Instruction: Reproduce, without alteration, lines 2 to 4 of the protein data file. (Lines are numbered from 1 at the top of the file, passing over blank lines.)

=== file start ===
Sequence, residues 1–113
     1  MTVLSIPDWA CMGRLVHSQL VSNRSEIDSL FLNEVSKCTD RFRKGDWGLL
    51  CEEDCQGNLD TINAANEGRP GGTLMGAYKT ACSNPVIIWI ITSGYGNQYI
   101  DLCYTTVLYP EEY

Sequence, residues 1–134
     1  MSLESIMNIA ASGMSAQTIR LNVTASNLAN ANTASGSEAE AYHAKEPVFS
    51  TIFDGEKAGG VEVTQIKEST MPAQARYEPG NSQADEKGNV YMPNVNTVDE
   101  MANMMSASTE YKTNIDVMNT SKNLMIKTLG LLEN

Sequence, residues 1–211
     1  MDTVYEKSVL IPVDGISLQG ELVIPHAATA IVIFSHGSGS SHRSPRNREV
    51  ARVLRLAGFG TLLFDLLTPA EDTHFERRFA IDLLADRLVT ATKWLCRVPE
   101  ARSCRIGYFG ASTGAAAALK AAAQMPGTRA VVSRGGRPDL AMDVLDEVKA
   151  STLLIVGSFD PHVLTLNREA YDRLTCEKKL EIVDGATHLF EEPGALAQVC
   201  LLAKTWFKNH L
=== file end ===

     1  MTVLSIPDWA CMGRLVHSQL VSNRSEIDSL FLNEVSKCTD RFRKGDWGLL
    51  CEEDCQGNLD TINAANEGRP GGTLMGAYKT ACSNPVIIWI ITSGYGNQYI
   101  DLCYTTVLYP EEY